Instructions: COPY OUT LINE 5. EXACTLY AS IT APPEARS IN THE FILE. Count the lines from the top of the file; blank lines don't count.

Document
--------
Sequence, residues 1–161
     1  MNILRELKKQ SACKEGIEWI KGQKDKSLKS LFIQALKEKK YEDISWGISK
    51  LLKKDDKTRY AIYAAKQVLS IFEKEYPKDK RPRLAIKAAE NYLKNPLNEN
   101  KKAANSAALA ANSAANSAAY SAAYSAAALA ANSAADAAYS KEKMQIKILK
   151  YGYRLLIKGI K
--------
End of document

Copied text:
   151  YGYRLLIKGI K